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Ariel Bracken


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Bike Rides 112
Harebrained Idea in Mankato, MN

“Don’t you ever run out of stuff to write about?” My barber asked after reading my last 1,600 word marathon column about the post on the city bike trail that nearly broke me in half.

“Not really. Most of the time my typing fingers can’t keep up with my harebrained ideas,” I replied frankly.

The truth is I don’t chase columns. Even as deadline approaches and there’s still nothing there, I just keep riding and it’ll come to me, like it did on a business trip to Mankato, Minn. this month.

All the inspiration I needed was an afternoon ride on the bike trail past Mount Kato Ski Resort, now closed in the record 70 degree mid-March heat. For years I’ve ridden by here wondering what it would be like to scream down that hill on my bike, right over the snow-pack.

While the back hills of the resort are open in summer to mountain biking, the face of the ski hill is strictly off limits to cyclers. It would take a fool bigger than me to try this stunt in the middle of the afternoon. I’m sure you’d be chased away or even arrested in short order.

“But,” I thought. “Who’d be watching the ranch at midnight?

I tried hard to push the silly notion out of my mind when I returned to the hotel room that evening. But the more I tried to sleep and the closer it came to 12:00 a.m., the more I became obsessed with making a starlit run at old Mount Kato.

Later the thoughts started getting out of control. The next thing I knew I was standing in front of the bathroom mirror rigging my video phone to my forehead utilizing a baseball hat situated backwards over a stocking cap. After 20 minutes in the lavatory, err… laboratory, my hat-cam prototype was ready for deployment.

At the stroke of midnight I was back on my Raleigh heading for the hills with my phone mounted precariously to my head, adrenalin now blurring any sense of reason my parents instilled in me.

I began zigzagging up the steep hill from the side, scaling the slushy grass next to the man-made snow slopes, forcing my bike up in front of me one careful stride after another.

I could hear water streaming under the ice, quickly finding the path of least resistance to the bottom. The surface of the slope appeared wet, wavy, icy and steep, conditions not conducive to bike riding at all. Still I forged on with the risky mission.

Finally perched at the top breathing heavily I mounted my bike, barely able to stand still on the glazed icepack long enough to get both legs over her without falling down.

Surveying the valley below I was just managing to suppress the fear of being caught, hurt or both before escaping the scene. I decided to engage the front headlight to accommodate the video even though it made me more visible.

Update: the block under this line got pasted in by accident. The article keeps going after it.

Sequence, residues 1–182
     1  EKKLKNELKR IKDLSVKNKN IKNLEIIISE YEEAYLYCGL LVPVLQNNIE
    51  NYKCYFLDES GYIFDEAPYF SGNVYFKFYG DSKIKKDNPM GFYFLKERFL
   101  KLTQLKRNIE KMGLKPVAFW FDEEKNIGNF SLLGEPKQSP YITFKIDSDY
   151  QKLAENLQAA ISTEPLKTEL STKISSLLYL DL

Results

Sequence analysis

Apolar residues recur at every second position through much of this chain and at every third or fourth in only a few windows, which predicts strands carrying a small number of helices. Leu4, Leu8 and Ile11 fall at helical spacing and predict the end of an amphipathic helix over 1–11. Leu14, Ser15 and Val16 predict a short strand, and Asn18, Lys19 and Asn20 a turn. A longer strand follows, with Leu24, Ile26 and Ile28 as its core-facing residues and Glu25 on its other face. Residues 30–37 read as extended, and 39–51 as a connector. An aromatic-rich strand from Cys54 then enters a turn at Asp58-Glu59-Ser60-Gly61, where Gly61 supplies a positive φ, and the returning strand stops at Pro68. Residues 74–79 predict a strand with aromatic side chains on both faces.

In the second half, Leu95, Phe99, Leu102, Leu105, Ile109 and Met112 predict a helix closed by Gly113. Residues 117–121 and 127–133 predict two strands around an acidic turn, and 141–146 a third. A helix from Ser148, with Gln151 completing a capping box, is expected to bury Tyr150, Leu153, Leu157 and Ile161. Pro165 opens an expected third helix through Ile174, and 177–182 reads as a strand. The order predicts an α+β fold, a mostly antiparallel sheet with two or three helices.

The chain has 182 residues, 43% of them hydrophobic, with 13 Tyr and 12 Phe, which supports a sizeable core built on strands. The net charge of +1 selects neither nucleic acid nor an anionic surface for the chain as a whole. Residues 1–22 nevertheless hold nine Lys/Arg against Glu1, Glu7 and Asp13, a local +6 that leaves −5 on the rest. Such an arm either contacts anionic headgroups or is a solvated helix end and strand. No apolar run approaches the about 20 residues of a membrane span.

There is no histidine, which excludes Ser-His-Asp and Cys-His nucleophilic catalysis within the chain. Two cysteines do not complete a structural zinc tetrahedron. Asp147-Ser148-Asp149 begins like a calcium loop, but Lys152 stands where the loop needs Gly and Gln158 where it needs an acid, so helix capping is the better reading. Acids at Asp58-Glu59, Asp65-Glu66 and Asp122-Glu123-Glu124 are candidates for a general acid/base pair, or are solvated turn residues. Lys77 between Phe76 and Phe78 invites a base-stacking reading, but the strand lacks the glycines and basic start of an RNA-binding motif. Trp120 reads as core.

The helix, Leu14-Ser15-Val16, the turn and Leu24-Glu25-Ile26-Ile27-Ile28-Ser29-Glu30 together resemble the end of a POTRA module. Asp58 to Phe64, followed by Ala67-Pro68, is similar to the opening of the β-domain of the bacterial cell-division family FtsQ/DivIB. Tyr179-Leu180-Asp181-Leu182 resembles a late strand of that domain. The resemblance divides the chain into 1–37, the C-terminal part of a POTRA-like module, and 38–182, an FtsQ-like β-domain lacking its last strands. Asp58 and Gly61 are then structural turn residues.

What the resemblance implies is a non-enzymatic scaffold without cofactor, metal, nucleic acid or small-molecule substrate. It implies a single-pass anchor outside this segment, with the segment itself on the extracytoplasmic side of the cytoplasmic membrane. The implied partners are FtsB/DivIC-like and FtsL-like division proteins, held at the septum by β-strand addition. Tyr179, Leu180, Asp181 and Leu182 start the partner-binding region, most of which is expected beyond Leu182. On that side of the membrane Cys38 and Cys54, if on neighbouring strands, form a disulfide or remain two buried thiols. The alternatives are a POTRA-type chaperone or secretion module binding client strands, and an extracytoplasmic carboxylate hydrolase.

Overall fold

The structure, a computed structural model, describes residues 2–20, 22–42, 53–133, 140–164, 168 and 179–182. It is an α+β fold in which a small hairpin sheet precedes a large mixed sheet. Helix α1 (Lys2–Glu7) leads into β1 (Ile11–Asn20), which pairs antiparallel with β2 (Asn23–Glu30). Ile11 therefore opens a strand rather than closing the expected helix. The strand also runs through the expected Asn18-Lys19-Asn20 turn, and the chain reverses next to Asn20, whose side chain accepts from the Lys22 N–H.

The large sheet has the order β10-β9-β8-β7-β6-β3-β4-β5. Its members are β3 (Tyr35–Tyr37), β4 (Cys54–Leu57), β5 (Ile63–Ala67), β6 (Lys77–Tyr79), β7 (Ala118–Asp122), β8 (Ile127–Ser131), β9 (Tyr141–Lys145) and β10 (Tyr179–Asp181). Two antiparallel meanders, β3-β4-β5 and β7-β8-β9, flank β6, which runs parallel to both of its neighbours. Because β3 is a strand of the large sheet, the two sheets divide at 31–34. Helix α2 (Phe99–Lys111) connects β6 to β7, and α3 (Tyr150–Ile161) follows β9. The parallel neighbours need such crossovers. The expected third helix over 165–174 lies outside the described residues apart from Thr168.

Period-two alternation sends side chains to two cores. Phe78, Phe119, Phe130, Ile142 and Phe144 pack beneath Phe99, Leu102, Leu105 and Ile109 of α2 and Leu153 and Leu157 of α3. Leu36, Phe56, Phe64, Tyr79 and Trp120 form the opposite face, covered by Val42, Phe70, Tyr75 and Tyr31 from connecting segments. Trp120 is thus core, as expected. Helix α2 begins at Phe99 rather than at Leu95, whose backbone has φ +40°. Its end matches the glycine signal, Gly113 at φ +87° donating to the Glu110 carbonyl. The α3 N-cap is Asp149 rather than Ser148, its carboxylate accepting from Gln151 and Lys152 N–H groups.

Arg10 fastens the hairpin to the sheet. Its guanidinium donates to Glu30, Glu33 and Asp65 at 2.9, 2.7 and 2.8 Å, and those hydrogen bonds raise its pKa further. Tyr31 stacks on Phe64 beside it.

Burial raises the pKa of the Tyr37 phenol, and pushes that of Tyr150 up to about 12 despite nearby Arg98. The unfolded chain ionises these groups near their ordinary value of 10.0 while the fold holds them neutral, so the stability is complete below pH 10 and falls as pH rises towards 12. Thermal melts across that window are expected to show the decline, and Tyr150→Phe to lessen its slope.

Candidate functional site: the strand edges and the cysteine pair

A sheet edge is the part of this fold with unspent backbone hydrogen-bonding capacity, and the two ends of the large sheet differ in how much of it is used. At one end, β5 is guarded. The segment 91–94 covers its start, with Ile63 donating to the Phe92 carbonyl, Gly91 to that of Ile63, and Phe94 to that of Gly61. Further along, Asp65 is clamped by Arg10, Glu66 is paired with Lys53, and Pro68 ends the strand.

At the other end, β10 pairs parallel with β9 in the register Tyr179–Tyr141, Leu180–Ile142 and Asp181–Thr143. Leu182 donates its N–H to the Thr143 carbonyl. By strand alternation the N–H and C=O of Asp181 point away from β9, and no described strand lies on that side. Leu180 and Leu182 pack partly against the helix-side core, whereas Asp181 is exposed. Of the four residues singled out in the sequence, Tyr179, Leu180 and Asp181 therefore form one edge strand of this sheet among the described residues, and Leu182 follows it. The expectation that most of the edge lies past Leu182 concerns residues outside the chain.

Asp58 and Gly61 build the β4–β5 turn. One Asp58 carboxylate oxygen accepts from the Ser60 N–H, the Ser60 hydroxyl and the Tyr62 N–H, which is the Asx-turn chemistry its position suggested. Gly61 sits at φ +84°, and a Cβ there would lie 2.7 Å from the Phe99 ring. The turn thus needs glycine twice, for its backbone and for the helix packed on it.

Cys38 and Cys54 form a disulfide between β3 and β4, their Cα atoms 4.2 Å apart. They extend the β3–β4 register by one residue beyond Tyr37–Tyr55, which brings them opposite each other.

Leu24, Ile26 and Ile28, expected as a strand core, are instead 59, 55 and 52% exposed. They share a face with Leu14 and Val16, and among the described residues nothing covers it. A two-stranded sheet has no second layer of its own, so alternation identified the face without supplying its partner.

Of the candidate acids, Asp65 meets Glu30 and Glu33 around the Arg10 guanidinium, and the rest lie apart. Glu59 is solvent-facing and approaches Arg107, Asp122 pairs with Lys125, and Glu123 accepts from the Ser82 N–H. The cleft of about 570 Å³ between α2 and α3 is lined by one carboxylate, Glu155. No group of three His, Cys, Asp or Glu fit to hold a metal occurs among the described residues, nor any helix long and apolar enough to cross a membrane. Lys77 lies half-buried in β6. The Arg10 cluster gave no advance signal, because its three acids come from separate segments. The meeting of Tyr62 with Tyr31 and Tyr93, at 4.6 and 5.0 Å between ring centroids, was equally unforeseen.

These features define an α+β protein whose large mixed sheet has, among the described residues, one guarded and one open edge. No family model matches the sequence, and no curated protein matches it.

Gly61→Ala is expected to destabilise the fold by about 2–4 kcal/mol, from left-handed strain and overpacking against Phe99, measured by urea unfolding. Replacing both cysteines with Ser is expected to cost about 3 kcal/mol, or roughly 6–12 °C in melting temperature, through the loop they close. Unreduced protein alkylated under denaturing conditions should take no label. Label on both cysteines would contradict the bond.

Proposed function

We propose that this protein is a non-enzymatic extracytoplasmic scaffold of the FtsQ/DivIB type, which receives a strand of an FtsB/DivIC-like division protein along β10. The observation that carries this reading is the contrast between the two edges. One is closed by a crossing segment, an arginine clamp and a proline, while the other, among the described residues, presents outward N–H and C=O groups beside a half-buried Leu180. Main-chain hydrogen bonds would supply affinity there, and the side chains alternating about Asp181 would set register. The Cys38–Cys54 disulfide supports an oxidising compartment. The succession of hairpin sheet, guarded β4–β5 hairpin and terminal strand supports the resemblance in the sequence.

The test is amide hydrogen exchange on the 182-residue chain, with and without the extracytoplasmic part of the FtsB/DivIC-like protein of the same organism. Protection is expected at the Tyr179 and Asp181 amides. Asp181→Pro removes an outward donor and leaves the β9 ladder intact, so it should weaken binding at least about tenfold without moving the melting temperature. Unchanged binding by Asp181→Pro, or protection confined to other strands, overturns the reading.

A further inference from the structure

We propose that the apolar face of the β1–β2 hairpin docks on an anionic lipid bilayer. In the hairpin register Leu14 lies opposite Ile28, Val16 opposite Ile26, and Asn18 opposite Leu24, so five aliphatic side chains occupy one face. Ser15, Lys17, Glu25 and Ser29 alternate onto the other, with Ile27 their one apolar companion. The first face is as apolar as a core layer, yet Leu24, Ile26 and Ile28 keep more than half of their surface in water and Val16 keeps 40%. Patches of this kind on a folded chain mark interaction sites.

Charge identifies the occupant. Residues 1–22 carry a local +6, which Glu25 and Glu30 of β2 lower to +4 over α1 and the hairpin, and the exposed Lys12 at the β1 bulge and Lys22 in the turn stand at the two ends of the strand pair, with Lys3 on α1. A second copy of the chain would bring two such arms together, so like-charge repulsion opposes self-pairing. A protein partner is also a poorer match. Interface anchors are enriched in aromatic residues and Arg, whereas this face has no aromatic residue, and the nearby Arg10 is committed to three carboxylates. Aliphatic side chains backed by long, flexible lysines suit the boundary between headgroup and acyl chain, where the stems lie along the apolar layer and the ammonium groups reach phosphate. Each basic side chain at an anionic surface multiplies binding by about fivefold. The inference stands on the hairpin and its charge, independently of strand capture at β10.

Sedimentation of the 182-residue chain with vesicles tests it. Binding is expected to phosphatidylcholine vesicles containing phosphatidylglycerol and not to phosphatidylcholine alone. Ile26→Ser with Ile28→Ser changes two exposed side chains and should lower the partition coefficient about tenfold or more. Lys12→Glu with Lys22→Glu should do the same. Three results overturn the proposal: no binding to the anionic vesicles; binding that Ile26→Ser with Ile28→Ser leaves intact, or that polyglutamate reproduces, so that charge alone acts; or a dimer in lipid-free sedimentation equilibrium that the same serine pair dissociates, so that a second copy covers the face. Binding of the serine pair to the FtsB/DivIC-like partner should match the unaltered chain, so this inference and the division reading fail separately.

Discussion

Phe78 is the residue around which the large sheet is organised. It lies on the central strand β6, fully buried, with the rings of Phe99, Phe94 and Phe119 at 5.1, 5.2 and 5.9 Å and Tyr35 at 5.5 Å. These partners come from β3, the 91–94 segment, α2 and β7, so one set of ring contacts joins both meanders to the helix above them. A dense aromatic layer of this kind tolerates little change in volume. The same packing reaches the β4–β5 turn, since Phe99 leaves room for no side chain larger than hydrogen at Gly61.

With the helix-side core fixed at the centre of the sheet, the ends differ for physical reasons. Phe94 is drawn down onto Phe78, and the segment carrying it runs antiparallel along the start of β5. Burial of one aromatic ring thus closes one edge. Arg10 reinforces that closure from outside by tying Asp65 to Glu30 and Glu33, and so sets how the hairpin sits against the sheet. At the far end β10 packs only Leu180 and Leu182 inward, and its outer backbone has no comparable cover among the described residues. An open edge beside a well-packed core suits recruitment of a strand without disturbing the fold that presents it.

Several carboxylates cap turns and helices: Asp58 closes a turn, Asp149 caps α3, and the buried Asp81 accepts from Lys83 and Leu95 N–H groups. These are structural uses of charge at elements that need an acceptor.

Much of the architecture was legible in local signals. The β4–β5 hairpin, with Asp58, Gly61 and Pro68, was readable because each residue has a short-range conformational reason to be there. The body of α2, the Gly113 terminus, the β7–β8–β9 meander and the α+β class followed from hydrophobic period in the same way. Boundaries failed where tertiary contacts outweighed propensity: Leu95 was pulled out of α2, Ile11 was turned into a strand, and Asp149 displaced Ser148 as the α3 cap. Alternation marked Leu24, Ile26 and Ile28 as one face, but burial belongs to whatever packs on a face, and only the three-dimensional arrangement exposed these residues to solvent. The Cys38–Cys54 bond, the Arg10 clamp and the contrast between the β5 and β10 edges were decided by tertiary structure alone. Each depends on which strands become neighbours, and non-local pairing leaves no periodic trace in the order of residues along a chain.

“In a half hour, you’ll be back in the hotel room,” I said out loud while trying to envision a safe and successful descent.

Hat-cam in place I said a little prayer, pushed the start button on the video, lifted my feet and slowly let the brake out, bound for the bottom or bust.

Bump, bump, bump, skid, and bump I negotiated the bike successfully for the first half of the ride when I heard the beep indicating the 30 second limit on the recording function had been met.

With the video complete I turned out the light, managing my way carefully but speedily down the rest of the hill in near total darkness; bump, skid, skid, bump. I wasted no time pushing back through the wet grass and into the parking lot. From there it was a three mile victory sprint back to the hotel.

Of course the video turned out to be completely dark except for a couple distant streetlights as the hat cam was angled toward the sky instead of the ground. I guess it’ll be back to the Lav... Err.. Laboratory with that little invention. I’m actually surprised the phone never bounced free from the hat. There’s a scenario I had not planned for.

Never-the-less, you can hear the bike bouncing down the hill and some of my jittery narration if you check out this column at dansbikerides.com.

Sorry there wasn’t a more cathartic finish to this story like a gnarly face plant, brutal chase, tazering or trespassing charge, but it looks like even I can still turn a successful mission now and then.

Thanks for riding along.

Traffic Tip: Every bike ride is in High Definition.

Watch the videos!
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Mount Kato Ride

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Hat Cam Test

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Hotel Mankato

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